The BIOS is a piece of read-only memory chip (ROM) on the motherboard. It contains many low-level service routines designed specific to the motherboard. After hardware initialization completes, the processor starts to fetch and execute the instruction from the address 0xFFFFFFF0, which indeed resides in the BIOS ROM. Usually, a jump instruction is put at that address, directing to the BIOS's power on self test routine (POST). The POST routine performs a series of hardware tests, including memory, system bus and other peripheral devices. It also prepares necessary execution environment before handing over the control. One important step is determining the boot device from a list of candidates (e.g. floppy disk, hard disk, CD-ROM and USB driver). Finally, the POST routine loads the first sector (512 bytes) of the boot device into the memory at address 0x07C00 and then jumps to that memory location for execution. The first sector of the boot device is called boot sector or master boot record (MBR).

In summary, after the computer is powered on, the BIOS routine loads the boot sector into memory at address 0x07C00 and starts executing instructions from there.

[1] Intel Architecture Software Developer's Manual Volume 3 - System Programming
[2] FreeBSD Architecture Handbook
[3] 操作系统引导探究 / Operating System Booting Investigation (Chinese)

eyeOS - a new OS concept

Can you imagine an OS written in PHP, XML and JavaScript? eyeOS is such type of web service that can provide you a platform which can be accessed from anywhere through the Internet. The eyeOS comes with a preloaded set of applications such as a word processor, a music player, a calendar, a file manager and so on. You can find most of the common applications on this platform. You can even upload files and develop new applications as you want. The following screenshots show the user interface which is simple and pretty. Many functions that you can find in your local desktop OS are implemented.
The eyeOS brings us the concept of cloud computing. The key advantages include:
(1) Centralized platform resides in the server, allowing to work and collaborate from everywhere through the Internet.
(2) Unified formats remove the compatibility issues in the traditional operating system.
(3) Your data are stored in the server. Never need to worry about the disk failure.

If you find this is interesting, check the demo out :)

Lesson 1. The Role of the Operating System

I had a dream to write an operating system (OS) by myself when I was a middle school student. The OS was like a Pandora's box to me, magically managing all hardware components. It would be very exciting to develop my own one. After taking the OS class in college, however, I realized that the OS is one of the most complex software systems. Since it has to communicate with all kinds of hardware devices, you can imagine how much effort it needs to develop a fully functional OS.

The mysterious inside of the OS has always kept me curious. Unfortunately, most of the OS textbooks only focus on algorithms and principles. They seldom touch the implementation details of a real world system, in which I am interested most. I believe many are in the same dilemma. The best source for the OS study is certainly the Linux code. However, getting to know the details is a slow and painful process. As a newbie, I wasted a lot of time in trying to understand some very specific implementation issues. While those issues are not critical to understand the concepts, they become the real obstacles when you try to write your own. This tutorial is meant to share my experience of the operating system learning, post useful materials related to the OS development and provide you the starting point for building your own OS. Due to my limited knowledge, errors can be found here and there in the tutorial. Your comments are always appreciated. Finally but not the last, wish your dream comes true! :)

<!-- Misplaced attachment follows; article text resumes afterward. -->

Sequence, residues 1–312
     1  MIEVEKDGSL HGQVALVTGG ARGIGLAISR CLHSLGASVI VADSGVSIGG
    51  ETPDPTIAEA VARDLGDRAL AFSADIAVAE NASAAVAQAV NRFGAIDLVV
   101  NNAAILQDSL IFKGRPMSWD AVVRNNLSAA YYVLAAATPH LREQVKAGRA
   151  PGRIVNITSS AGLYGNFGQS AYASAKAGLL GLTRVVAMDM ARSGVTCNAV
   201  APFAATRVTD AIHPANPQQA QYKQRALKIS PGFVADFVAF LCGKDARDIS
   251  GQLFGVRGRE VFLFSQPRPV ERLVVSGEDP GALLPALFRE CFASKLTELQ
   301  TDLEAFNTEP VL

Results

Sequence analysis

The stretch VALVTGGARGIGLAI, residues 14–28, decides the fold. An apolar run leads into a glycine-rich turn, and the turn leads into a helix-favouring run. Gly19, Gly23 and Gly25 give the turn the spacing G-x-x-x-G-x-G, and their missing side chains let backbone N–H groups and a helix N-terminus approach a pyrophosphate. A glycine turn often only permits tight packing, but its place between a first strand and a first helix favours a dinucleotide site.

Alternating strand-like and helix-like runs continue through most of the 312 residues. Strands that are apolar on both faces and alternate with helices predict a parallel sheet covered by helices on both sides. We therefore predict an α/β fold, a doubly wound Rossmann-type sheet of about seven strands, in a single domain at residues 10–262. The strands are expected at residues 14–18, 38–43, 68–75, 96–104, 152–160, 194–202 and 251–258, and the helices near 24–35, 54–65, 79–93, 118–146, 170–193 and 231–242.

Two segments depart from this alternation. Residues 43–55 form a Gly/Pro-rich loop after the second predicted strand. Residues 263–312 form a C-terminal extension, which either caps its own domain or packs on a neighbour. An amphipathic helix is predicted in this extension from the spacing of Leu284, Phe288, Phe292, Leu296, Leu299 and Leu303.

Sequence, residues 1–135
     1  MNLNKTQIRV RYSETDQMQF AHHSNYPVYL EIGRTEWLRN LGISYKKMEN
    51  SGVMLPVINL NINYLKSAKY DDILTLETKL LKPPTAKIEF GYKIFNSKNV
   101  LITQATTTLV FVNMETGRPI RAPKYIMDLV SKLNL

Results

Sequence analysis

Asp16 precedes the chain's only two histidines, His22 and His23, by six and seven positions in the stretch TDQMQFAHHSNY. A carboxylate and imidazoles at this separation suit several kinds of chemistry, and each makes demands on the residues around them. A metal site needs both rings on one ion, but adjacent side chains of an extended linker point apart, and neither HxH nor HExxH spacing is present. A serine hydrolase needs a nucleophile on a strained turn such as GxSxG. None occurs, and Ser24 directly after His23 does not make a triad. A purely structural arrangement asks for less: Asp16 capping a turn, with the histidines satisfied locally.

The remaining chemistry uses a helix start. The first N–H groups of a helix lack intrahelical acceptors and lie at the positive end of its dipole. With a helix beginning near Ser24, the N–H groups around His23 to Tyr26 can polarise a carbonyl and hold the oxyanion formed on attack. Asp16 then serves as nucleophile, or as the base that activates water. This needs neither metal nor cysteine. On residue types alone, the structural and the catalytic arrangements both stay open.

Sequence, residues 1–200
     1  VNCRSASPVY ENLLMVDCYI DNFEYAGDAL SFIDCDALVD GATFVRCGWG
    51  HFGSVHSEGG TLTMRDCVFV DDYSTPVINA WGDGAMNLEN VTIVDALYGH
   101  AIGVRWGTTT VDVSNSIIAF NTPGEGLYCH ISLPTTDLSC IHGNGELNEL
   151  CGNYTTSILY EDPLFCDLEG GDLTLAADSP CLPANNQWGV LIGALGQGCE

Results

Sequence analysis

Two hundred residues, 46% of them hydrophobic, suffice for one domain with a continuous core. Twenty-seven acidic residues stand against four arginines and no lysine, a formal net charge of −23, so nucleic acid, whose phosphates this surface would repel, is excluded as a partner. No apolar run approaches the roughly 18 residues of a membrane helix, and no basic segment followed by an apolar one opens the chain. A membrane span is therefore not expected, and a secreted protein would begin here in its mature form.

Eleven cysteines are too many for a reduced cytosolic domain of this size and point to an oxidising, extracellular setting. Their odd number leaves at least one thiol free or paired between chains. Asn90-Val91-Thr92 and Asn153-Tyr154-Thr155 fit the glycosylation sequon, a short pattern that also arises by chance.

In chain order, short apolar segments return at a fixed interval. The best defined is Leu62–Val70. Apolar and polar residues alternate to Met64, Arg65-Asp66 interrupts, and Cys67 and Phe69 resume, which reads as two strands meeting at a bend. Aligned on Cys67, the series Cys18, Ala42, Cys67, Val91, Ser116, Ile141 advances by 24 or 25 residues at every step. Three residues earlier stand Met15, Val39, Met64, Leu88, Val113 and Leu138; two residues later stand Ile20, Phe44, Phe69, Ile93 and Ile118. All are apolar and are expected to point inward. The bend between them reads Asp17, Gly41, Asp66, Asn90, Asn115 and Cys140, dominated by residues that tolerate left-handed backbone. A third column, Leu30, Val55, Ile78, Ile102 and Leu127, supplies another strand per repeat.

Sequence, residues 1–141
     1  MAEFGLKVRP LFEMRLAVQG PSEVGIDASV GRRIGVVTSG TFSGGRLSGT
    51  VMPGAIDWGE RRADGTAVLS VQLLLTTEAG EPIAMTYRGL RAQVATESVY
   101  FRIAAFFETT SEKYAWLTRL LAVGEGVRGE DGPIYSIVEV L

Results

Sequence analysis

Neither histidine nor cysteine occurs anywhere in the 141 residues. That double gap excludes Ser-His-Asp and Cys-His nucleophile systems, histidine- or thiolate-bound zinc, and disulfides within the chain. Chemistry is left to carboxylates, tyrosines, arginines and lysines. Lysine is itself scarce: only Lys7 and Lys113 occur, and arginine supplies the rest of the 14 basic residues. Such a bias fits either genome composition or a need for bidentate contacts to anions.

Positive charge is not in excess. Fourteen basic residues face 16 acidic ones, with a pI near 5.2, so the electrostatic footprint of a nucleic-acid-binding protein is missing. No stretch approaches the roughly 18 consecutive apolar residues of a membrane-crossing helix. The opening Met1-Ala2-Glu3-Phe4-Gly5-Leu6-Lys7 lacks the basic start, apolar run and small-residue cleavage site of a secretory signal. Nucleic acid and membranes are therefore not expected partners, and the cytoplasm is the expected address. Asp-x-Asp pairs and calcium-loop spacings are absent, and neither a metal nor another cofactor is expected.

Now, let's start the topic. As we all know, the OS is probably the first software you may want to install into your computer. It provides an abstract and consistent view of the underlying hardware so that applications can run on computers with very different hardware composition. Figure.1 illustrates the role of the operating system in the entire system. The underlying hardware generally consists of CPU, memory and peripheral devices. The OS interacts with these hardware components through instruction set architecture (ISA). The ISA provides an abstract view of the underlying hardware to the OS so that latter does not have to worry about the hardware implementation details. Using the concept of "Layer" and "abstraction" is a very important design approach in computer systems. You will get familiar to it. The ISA includes a set of machine instructions and a group of registers. By executing instructions and reading/writing corresponding registers, the OS can instruct the hardware to accomplish a particular task and get necessary feedback. This is exactly how the "magic" happens. Indeed, this is a universal way of cooperating software and hardware. Thus ISA is often called the hardware/software interface.

Now, the OS is able to control CPU and memory transactions using ISA. However, there are a large number of peripheral devices in the market and new products are coming out every day. How can the OS handle such varieties? The common solution is to adopt a modularized approach. The device driver module of the OS is provided by the product vendor. The device driver implements a set of predefined action handlers required by the OS. Whenever the OS wants to access peripheral devices, it request the service through those action handlers. Most of the major OS tasks are implemented in the kernel. They include booting/initialization, process scheduling, memory management, file system management and so on. Hopefully, we can cover them!

The OS wraps up all services it can provide to the applications through a mechanism commonly called "system call". An OS can have more than one hundred system calls, serving all kinds of requests. The role of system calls is similar to the ISA. They are the interface between user applications and the OS. By providing system calls, the OS further abstract its implementation details and allow the user applications to control underlying hardware indirectly and safely without knowing any specifics.

In conclusion, the role of the OS is to provide services to user applications while hiding the underlying hardware complexities as much as possible. So in order to understand an operating system implementation, knowledges of microprocessor architecture and hardware organization  are necessary. But do not worry too much as I will present related background when we see it. I will also demonstrate some experiments and code to further help you better understand.